Finland declared last Thursday that it will apply for NATO membership “without delay”, and Sweden is expected to follow, as the Russian invasion of Ukraine looks set to it will cause the very expansion of the Western military alliance that Vladimir Putin sought to prevent.
The decision of the two Nordic countries to abandon the neutrality they maintained during the Cold War would be one of the biggest changes in European security in decades. Moscow called Finland’s announcement a direct threat to Russia, and threatened retaliation, including unspecified “military-technical” measures.
Five diplomats and officials told Reuters that NATO allies hope that both countries will quickly receive accession, which would pave the way for a larger troop presence in the Nordic region to defend them during a one-year ratification period.
Moscow considers him a threat to its security. But Putin’s decision to invade Ukraine has changed Nordic public opinion, with political parties that had long supported neutrality now they embrace the view that Russia is a threat.
Asked if Finland’s accession posed a direct threat to Russia, Kremlin spokesman Dmitry Peskov said: “Definitely. NATO expansion does not make our continent more stable and secure. “This cannot fail to arouse our regret, and it is a reason to respond symmetrically on our part,” Peskov added, without elaborating. Russian officials have spoken in the past of possible measures including stationing nuclear missiles in the Baltic Sea.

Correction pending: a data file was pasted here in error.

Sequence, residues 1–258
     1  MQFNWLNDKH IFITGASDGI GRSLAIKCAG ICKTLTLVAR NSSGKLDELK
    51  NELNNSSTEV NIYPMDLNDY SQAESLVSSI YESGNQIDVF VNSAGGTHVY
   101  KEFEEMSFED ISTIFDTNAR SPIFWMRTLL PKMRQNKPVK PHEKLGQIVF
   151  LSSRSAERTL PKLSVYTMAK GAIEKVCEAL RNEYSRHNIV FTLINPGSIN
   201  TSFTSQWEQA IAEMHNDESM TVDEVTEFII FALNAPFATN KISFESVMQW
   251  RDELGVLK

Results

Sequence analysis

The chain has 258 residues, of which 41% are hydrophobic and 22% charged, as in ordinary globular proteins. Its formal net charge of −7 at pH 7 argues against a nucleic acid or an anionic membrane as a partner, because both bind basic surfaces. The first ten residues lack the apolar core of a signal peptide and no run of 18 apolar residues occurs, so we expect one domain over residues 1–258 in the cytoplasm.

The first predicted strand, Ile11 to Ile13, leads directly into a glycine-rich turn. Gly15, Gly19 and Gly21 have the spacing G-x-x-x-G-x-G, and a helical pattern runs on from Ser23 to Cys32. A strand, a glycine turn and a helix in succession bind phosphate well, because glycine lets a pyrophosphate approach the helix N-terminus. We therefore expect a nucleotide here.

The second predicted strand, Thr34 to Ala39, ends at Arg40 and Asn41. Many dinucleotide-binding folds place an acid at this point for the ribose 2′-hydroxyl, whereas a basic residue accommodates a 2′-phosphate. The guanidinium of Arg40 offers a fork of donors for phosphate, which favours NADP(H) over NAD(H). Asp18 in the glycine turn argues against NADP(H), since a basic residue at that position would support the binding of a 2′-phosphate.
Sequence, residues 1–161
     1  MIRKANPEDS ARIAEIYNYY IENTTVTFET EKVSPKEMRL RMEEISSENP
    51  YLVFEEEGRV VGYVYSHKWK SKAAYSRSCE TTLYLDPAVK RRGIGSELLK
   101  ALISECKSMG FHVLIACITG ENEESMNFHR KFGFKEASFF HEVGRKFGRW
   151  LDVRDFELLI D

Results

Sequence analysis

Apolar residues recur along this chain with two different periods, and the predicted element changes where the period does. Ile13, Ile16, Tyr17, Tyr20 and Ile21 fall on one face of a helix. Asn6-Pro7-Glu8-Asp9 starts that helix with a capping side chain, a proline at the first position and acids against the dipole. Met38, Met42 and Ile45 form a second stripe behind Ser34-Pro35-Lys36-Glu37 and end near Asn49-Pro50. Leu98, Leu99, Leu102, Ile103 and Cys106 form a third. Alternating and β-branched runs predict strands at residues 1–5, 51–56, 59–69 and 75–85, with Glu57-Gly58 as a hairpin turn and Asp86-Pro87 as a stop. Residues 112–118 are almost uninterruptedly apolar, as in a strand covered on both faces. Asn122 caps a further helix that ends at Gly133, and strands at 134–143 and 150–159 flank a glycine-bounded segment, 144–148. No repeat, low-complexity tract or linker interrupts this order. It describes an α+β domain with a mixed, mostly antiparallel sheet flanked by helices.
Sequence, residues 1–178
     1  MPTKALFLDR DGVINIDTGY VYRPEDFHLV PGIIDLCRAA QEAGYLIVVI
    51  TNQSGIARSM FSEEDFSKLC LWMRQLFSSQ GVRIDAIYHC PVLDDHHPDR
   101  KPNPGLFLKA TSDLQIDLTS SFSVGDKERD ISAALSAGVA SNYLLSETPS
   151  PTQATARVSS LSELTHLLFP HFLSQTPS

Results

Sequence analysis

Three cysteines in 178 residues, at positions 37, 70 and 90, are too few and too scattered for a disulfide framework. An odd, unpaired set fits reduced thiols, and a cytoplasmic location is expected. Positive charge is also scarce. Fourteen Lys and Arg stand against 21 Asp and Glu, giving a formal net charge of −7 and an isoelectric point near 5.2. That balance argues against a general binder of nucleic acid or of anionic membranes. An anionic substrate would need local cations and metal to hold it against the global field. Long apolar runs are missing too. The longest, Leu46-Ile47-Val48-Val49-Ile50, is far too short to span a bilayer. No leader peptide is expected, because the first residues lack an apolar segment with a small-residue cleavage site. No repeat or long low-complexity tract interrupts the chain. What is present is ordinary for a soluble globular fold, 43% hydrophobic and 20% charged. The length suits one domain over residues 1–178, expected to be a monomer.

Thus, the expert Neil Winn, after analyzing for LA RAZÓN the historic decision of the Finnish authorities to join the Alliance, said that “Finland’s accession could encourage Moscow to deploy nuclear weapons in Kaliningrad”, although he stressed that “a risk more realistic is that of Russian cyberattacks, disinformation campaigns and occasional airspace violations.”
Estonian Undersecretary for Defense Policy Tuuli Duneton said her compatriots “would welcome our dear neighbors to NATO and of course are more than willing to continue our very good bilateral cooperation with those two.” countries in the NATO context as well.”
President Sauli Niinisto and Prime Minister Sanna Marin said after the joint statement that “Finland must apply for NATO membership without delay”. that they hope to follow “the national steps still necessary to make this decision are taken quickly in the coming days.”